5 Tips for Editing Your Sample Reel

Hawai‘i’s endangered Palila bird makes a rare protagonist in Laurie Sumiye’s documentary in progress A Paradise Lost.

I see the sample as a short film with one very specific goal: to leave the potential funder wanting to see more so badly that they will write the filmmaker a check. In the last blog, I wrote about how to get started editing a sample reel. Once you’ve defined the best of the best of your footage, it’s time to come up with a plan or a script for editing your sample. Here are five tips for making the strongest sample reel possible.

Of course the main goal of the sample reel is to give the potential funder a clear idea of what your film is about: “the Who, What, When and Where” of your story. But every film is so different that there isn’t really a one-size-fits-all recipe for making a successful sample. However, there are a few guidelines I tend to follow.

1) Show excellent character development: Casting a charismatic main character is key to any film and establishing your film’s protagonist is essential to a successful sample reel. Your sample needs to show that your main character is strong and compelling enough to carry the film and interesting enough to watch for an hour or whatever the length of your film. You also need to show in the sample reel that the director clearly has great access to this character and a trusting enough relationship to be able to finish the film effectively.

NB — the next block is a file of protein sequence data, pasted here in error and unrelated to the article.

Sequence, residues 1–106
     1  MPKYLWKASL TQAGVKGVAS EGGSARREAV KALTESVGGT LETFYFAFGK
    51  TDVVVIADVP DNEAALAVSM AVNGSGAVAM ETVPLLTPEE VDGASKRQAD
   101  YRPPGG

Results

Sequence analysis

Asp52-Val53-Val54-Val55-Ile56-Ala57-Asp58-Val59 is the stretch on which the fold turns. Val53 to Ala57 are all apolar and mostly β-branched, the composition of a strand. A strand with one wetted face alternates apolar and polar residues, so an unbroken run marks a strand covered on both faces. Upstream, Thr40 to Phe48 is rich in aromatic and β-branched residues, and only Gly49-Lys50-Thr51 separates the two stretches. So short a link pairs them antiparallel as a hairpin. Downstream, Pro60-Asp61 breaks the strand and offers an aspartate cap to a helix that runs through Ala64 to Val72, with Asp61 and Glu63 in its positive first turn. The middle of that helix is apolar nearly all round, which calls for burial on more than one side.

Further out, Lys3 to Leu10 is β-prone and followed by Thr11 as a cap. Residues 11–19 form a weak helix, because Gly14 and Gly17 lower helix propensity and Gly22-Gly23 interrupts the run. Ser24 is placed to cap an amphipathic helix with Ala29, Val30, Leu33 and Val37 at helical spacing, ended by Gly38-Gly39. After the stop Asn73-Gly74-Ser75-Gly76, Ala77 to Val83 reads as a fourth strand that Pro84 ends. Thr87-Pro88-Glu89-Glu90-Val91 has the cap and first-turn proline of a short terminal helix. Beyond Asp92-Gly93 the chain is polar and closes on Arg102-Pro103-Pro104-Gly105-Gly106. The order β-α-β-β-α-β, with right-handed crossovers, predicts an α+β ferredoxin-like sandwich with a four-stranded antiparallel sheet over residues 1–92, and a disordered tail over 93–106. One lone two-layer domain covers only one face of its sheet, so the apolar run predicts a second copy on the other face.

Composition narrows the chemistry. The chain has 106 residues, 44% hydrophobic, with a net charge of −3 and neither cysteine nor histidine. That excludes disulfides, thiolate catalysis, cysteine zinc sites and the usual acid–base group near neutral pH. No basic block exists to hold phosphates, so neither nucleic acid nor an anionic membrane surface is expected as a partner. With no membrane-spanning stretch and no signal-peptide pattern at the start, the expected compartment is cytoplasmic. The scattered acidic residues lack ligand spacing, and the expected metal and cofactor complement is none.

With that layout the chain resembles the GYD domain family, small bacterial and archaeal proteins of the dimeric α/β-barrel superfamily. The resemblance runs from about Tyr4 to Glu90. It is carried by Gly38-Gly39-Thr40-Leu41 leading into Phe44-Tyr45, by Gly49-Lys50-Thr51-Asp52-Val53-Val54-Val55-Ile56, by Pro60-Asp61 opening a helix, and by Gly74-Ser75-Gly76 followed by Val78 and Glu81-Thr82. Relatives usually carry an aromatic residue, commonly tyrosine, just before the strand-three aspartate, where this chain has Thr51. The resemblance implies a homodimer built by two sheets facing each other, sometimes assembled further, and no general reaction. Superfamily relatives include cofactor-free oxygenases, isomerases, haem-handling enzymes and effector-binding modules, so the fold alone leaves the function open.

But what if you aren’t making a character-driven documentary? Even in topic-driven films, like Marlene Booth’s Pidgin: The Voice of Hawai‘i, there are people who are interviewed who help convey the story, and in sample reels those characters can be featured saying the most compelling things about your topic to create an interesting chorus. In this particular film, I imposed a sort of 3-act structure onto this topic-driven documentary by making the language of Pidgin itself the main character, and treating it as if it were the protagonist driving the action and in peril.

2) The inciting incident: Then something big needs to happen to your character in the sample reel…something that raises the stakes and propels the action of the film forward in a big way. In our documentary Kū Kanaka/Stand Tall, main character Kanalu Young took a deep-water dive into four feet of water and broke his neck. In Finding Kukan, Robin Lung the filmmaker and the film’s “history detective,” discovers a long lost Oscar-winning film and a Chinese woman who claims to have been the film’s producer. In Kimberlee Bassford’s Winning Girl, a 12-year-old girl proclaims that she wants to become the world champion in wrestling. In each of these scenarios, the breaking of the neck, the discovery of the film, the proclamation, propel each character forward into their story, which becomes the narrative of the film. Your characters motives should be crystal clear: “This is what I want to do and this is why I must do it.” The inciting incident should be so compelling that your character has no choice but to move forward, and us the audience along with them.